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Brining Out The Big Guns

Democratic hopefuls have had the playing field and the ear of the media to themselves for the 6-12 months. In that time and especially recently, they have managed to pump up the perceived importance of the drivel coming out of their stump speeches and ponderous debates. All they've managed to achieve is to make people aware that they (the far left of the Democratic Party) seem to be pissed about the war and a laundry list of other things Joe and Jane Suburbia in Peoria couldn't give shit about. What is strikingly obvious, when viewed as a whole from afar, is that the bickering over the war and occupation in Iraq is just that. There is no Democratic alternative.

Up to this point Republicans and the President have remained in the locker room, so to speak, having yet to dress for the game. Well now the RNC is getting into the game - G.O.P. to Run an Ad for Bush on Terror Issue.

With somber strings playing in the background, the commercial flashes the words "Strong and Principled Leadership" before cutting to Mr. Bush standing before members of Congress. Intended to call out the Democrats for their opposition to Mr. Bush's military strategy of pre-emptively striking those who pose threats to the nation, the screen flashes "Some call for us to retreat, putting our national security in the hands of others," then urges viewers to tell Congress "to support the president's policy of pre-emptive self defense."
The key to victory for Bush is to show the disjointed message collectively being pushed by the Democrats and to highlight their far left leanings (now a requirement in the Democratic primary season) before they can abandon the radical wing of the party in search of general election moderate votes. Paint them into the corner they've voluntarily lined up to get in.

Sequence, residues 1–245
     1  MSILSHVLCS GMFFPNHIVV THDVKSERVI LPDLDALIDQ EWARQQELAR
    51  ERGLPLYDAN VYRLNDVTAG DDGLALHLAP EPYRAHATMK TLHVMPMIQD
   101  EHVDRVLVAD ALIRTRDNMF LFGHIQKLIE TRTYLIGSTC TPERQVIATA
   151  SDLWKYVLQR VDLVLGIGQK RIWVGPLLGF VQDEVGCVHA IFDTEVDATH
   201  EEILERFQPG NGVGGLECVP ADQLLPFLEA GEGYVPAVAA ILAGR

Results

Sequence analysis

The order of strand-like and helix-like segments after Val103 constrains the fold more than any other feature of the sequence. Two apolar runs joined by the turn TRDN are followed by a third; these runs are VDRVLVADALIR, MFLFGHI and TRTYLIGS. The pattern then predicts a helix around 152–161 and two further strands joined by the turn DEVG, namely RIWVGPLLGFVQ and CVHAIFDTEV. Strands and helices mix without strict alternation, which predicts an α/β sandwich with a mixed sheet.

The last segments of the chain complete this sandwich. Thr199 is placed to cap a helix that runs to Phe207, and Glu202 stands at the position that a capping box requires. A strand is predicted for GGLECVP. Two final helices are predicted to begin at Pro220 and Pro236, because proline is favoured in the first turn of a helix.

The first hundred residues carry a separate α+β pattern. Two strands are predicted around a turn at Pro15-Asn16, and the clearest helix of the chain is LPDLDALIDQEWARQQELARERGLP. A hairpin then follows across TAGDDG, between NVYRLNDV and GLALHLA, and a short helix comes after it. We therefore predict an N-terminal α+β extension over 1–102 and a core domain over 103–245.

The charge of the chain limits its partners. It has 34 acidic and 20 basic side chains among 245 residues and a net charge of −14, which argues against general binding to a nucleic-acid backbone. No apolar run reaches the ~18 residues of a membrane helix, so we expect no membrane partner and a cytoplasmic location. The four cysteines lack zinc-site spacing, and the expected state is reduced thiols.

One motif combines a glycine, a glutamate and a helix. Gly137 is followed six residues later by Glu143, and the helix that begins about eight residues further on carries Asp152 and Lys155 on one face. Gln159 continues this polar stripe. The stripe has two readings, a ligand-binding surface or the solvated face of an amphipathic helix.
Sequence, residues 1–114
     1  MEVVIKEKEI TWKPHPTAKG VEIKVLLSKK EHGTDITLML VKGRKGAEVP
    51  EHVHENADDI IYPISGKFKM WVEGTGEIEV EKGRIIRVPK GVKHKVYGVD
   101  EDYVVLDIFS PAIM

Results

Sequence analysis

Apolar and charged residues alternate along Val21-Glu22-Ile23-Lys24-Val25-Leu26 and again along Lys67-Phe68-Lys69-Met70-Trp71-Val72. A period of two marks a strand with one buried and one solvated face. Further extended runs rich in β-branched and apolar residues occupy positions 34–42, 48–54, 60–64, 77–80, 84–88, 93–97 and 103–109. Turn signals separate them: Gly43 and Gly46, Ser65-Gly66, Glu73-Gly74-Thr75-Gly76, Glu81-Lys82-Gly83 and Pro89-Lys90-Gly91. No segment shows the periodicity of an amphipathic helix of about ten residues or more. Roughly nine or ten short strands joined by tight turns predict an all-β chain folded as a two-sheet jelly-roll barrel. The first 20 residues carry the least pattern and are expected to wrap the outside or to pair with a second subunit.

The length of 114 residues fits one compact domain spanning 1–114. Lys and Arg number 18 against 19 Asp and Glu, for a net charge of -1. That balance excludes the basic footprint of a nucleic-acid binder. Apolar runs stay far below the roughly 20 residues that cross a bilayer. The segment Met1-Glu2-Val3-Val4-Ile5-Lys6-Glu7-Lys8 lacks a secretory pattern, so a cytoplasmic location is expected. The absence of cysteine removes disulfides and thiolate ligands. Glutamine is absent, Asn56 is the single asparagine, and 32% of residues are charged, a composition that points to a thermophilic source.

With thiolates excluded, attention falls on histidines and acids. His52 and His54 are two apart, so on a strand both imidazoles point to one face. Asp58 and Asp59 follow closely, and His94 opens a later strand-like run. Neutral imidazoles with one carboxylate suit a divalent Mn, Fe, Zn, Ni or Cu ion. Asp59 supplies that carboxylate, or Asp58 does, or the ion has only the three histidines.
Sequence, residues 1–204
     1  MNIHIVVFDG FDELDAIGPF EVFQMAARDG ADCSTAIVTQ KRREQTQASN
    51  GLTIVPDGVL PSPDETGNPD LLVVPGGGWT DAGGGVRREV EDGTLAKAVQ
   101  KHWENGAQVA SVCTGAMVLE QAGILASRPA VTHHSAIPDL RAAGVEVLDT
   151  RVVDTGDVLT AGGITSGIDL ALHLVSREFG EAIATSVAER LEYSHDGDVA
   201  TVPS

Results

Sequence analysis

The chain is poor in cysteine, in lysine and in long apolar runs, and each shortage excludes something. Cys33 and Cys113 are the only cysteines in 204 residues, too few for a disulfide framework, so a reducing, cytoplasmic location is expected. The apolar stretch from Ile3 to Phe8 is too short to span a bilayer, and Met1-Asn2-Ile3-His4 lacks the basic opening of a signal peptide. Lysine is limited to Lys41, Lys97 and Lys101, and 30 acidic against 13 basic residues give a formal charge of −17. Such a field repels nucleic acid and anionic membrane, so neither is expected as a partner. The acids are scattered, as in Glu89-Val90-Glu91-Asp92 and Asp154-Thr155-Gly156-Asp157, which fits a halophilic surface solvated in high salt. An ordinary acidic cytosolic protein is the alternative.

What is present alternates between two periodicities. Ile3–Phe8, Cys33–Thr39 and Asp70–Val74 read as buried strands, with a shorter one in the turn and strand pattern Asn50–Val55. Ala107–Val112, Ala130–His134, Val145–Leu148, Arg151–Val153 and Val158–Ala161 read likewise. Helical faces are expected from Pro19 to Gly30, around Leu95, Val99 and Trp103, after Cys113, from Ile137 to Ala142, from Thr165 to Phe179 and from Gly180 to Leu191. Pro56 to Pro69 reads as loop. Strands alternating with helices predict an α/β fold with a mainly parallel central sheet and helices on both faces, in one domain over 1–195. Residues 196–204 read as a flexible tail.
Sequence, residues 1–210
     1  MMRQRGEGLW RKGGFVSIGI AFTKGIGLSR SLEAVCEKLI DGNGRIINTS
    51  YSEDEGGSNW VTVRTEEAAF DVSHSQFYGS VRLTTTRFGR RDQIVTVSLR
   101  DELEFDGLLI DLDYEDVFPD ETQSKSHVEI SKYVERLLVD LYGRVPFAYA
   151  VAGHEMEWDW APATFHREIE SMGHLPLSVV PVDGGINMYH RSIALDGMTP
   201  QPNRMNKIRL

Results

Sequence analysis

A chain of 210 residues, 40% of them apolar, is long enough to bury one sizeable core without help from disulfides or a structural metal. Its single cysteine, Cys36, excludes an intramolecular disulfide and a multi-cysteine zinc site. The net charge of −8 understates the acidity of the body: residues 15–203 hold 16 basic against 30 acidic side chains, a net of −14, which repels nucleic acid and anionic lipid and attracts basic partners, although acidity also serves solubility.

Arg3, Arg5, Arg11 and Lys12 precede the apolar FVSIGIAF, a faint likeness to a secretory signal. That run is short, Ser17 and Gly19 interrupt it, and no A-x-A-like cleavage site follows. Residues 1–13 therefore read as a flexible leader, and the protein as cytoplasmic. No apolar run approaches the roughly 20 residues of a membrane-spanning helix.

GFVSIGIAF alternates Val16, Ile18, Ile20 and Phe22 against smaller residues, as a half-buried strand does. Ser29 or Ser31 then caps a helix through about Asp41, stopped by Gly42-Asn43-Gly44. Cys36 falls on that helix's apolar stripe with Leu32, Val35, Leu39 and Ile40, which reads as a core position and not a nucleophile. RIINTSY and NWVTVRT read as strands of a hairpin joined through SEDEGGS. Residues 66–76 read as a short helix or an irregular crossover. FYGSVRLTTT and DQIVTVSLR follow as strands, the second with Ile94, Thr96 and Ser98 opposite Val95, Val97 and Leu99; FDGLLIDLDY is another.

"Advertising matters when there's a one-sided flow of information," said Ken Goldstein, director of the Wisconsin advertising project. "Clearly the R.N.C. and the Bush campaign were beginning to believe that the drum beat of Democratic advertising, in addition to the attention the Democrats were getting in the free media, created a one-sided drum beat against the president."

Compared with the last time a sitting president ran for re-election without a primary opponent, the Republicans are behind the advertising curve.

President Bill Clinton presented his first advertisements in June 1995, an extraordinarily early campaign that some of his strategists credited with having an important role in preparing the way for his re-election.

Bill Dal Col, a Republican consultant who ran Steve Forbes's primary campaigns in 1996 and 2000, argued that Mr. Clinton was a far weaker candidate then than Mr. Bush is now, and was under even greater political fire when he started his campaign.

Still, he said, the new Republican commercial was a smart bid to shape the Democratic debate from the sidelines. "In this case you balance the harsh attacks coming, but you also suck up resources they're raising and force them to spend money now," he said.



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